Many countries have adopted large-scale tree planting programmes as a climate mitigation strategy and to support local livelihoods. We evaluate a series of large-scale tree planting programmes using data collected from historical Landsat imagery in the state of Himachal Pradesh in Northern India. Using this panel dataset, we use an event study design to estimate the socioeconomic and biophysical impacts over decades of these programmes. We find that tree plantings have not, on average, increased the proportion of forest canopy cover and have modestly shifted forest composition away from the broadleaf varieties valued by local people. Further cross-sectional analysis, from a household livelihood survey, shows that tree planting supports little direct use by local people. We conclude that decades of expensive tree planting programmes in this region have not proved effective. This result suggests that large-scale tree planting may sometimes fail to achieve its climate mitigation and livelihood goals.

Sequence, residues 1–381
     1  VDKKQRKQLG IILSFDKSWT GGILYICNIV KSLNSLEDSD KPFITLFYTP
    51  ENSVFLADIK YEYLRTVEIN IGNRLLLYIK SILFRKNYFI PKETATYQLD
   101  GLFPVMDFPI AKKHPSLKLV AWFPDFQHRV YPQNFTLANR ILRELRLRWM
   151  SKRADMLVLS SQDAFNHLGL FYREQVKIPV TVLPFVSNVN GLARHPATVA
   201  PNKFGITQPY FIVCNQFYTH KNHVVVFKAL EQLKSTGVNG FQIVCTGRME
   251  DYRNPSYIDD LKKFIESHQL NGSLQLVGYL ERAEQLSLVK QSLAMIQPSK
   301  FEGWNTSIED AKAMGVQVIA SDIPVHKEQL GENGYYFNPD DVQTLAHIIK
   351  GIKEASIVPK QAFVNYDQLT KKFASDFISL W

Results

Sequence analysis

|Original language||English (US)|
|Number of pages||8|
|State||Published - Nov 2021|
Bibliographical noteFunding Information:
We thank our field researchers for data collection. B. Lawrence assisted with geospatial processing tasks. Research was funded by NASA Land Cover and Land Use Change (LULUC): NNX17AK14G, which supported the work of all authors.
© 2021, The Author(s), under exclusive licence to Springer Nature Limited.